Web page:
Surely every rural community can claim retired farmers like our friend Rich. He buzzes about on back roads in a rusted Toyota with his rat terrier, Sparky, gazing out the window. A bee helmet and veil rest on the dusty back seat. Though almost 80, Rich still raises a few vegetables and gladioli for local farmers' markets and freely gives away the seconds. Routinely, Rich phones my husband merely to chat and check up on farm life.
This winter, the cold dawdled and the snow continued to fall. Rich called nightly, the exasperation of cabin fever registering in his voice. He asked if the sap was running, that first hint of spring. Repeatedly, Rich reminded my husband, John, that he'd boiled syrup in the past for a friend and knew how to run an evaporator. John assured Rich that he could be part of the process once the sap flowed.
At last, the mercury reached 32 degrees F., the sun shone, and rivers of melted snow rutted our driveway. John and I hauled out the sap buckets and loaded up the bobsled. Snow still topped our boots, but the trees had awakened. Sap flowed as John drilled holes and I tapped in spiles. That evening, John informed Rich that soon he could help boil.
I helped collect sap the next afternoon in between packing for a weekend conference. I flew off on a mild morning, fretting. While the weather forecast ensured a flawless flight, it also meant that John would be burdened with all the farm chores, from feeding baby goats to coping with sugaring. The plentiful sunshine would bring a heavy flow of sap.
And it did. Gallons and gallons of sweet sap gushed from the trees as the sun warmed the earth. Rich's Toyota rattled up to the sugarhouse, and Sparky jumped out.
Rich sent John off to the woods to haul in the sap, while he threw wood into the raging fire beneath the evaporator. The two worked in tandem all weekend.
Before leaving, I had left soups and stew in the freezer, food that John could easily warm up, but the pace of the weekend labors consumed his thoughts. Not until his stomach growled did he realize that even frozen food would take a while to heat on our wood cook stove.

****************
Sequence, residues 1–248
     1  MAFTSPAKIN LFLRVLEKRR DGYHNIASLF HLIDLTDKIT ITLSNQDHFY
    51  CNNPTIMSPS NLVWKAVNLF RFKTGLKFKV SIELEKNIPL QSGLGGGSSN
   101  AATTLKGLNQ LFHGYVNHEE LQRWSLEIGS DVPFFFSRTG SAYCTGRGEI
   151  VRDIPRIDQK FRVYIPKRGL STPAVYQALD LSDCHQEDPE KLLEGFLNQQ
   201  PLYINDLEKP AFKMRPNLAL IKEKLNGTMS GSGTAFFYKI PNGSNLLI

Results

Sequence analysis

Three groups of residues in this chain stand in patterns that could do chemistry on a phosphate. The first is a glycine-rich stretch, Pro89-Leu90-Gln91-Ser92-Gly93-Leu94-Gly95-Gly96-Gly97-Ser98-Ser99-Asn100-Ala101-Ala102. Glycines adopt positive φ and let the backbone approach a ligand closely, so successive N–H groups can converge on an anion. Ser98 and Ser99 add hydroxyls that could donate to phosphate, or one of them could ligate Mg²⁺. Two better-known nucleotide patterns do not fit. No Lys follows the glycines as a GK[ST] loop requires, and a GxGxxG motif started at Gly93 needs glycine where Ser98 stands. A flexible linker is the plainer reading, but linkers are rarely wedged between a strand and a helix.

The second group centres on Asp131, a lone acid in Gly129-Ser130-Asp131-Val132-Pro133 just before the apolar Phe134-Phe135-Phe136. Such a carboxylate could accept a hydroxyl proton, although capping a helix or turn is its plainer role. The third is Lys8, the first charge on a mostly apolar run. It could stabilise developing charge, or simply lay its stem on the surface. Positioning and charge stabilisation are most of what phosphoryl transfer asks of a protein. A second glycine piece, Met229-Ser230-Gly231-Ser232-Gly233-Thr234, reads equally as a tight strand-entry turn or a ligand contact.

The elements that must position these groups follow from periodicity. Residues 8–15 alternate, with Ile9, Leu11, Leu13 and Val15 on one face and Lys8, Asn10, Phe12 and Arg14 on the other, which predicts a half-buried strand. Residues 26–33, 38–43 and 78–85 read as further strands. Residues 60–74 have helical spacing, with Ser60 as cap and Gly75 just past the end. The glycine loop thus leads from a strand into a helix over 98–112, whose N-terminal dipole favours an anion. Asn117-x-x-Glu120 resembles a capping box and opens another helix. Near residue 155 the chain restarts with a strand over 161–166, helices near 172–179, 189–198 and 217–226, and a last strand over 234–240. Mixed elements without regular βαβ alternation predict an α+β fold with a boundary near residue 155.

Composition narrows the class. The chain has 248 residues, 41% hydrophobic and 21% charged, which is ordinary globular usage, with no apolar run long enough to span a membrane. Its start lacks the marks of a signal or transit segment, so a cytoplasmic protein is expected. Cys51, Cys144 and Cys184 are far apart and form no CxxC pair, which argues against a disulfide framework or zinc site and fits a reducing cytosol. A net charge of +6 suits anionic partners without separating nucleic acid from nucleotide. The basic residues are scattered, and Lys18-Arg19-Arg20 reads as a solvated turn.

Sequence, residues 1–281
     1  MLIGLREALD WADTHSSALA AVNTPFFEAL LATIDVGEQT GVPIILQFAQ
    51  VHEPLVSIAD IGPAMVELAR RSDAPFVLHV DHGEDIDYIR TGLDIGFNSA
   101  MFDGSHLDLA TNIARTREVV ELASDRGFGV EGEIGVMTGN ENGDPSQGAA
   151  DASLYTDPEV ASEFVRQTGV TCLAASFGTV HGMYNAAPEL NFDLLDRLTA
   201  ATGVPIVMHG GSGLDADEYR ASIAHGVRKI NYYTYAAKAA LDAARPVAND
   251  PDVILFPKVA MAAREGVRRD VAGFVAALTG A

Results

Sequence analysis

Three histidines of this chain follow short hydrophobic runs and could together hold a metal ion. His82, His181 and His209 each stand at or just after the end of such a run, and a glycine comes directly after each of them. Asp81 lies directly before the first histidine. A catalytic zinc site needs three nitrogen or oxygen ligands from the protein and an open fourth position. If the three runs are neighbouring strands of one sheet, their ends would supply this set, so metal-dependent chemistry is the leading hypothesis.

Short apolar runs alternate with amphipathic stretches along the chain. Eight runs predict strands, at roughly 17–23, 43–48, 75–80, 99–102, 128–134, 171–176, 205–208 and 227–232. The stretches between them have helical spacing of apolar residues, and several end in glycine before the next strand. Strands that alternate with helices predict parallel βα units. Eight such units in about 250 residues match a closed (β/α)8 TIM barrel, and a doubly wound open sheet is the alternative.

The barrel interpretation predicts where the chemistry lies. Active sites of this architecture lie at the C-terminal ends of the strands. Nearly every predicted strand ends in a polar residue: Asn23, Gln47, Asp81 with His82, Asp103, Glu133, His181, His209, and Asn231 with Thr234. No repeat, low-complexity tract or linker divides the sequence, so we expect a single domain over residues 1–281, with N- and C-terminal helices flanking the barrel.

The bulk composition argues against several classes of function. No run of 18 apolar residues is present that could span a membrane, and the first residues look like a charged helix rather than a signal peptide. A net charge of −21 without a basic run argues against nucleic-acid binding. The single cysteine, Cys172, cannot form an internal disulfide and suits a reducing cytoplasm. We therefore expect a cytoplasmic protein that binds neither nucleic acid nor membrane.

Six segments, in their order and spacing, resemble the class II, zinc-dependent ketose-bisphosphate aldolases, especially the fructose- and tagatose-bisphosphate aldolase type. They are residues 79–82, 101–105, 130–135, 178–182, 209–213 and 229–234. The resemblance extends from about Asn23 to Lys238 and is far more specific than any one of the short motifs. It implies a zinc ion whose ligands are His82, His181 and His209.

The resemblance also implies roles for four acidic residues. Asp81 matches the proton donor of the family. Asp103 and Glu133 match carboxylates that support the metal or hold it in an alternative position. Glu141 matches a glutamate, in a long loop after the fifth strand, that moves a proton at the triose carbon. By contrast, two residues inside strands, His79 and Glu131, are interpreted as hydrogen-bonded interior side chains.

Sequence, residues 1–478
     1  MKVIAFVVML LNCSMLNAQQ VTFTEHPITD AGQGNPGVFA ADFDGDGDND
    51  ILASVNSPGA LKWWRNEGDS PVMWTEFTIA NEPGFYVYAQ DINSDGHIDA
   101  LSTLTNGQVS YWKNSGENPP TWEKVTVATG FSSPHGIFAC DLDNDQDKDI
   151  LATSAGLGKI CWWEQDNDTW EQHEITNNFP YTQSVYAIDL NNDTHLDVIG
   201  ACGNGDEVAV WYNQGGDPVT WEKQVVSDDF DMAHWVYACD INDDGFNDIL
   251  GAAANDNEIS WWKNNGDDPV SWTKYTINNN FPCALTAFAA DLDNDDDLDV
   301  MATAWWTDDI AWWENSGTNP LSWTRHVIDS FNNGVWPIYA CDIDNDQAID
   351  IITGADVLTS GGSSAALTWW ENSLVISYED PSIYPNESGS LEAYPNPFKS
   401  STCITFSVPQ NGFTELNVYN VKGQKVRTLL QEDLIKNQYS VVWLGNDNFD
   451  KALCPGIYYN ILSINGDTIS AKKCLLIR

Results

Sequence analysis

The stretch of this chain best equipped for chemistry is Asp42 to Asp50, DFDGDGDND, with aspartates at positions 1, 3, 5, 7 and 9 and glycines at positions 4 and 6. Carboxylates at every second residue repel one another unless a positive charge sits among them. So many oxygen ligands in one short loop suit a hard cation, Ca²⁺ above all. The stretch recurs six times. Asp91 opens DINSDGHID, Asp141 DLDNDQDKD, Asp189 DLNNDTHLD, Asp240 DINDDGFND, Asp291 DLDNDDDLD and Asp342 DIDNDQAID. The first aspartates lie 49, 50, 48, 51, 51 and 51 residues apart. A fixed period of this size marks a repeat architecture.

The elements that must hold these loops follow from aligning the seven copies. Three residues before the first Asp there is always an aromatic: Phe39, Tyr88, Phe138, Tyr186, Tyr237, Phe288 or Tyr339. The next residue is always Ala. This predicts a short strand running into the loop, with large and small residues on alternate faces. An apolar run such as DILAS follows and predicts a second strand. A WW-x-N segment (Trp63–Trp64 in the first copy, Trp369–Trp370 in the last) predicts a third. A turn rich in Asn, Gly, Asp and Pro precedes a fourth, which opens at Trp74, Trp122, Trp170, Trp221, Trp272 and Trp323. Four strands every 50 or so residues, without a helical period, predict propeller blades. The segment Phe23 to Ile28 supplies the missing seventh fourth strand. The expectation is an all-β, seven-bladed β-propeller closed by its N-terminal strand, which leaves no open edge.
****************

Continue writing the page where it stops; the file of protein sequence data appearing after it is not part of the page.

"Weenies," Rich said. "Just the thing when sugaring. I brought some along. We can use some bread for buns." He dived into his Toyota.
In order to roast his hot dog, John cut sticks and raked out some coals from the fire beneath the evaporator. Rich shook his head when John offered him a roasting stick.
"Not me," Rich quipped. "I like mine boiled." He plopped his weenie into the evaporator! "Look at those currents! We've got it cooking." Sweet steam billowed about and filled the house with the scent of maple.
After their hot dogs reached perfection, they slapped them on slices of bread and munched. They enjoyed the first picnic of the year while celebrating the sticky season of sap and muddy roads.
The next evening, my plane flew in just ahead of a snowstorm. White once again blanketed the trees and earth. I washed jar after jar of freshly made syrup and stacked all 16 gallons in the pantry. A break in the weather renewed Rich's nightly phone calls.
"Sap running, yet?" he'd ask. "Let me know when you need me."
Even though I was home for the last big run, John called Rich and Sparky to fire the evaporator. His willing hands allowed John and me to collect sap buckets and tackle other farm work. I walked by the sugarhouse near the end of that day. Surrounded by steam, the two men chatted and tossed wood into the firebox while drawing off the last syrup of the season. Though decades separated their ages, their love of this spring ritual linked their hearts.
Bluebirds chortled in the goat pasture in the late evening as John carted in a crate of filled mason jars. Sugaring had ended. I was surprised when Rich called that evening.
"He wants to help me with the saw mill," John said, hanging up the phone. "We make a good team."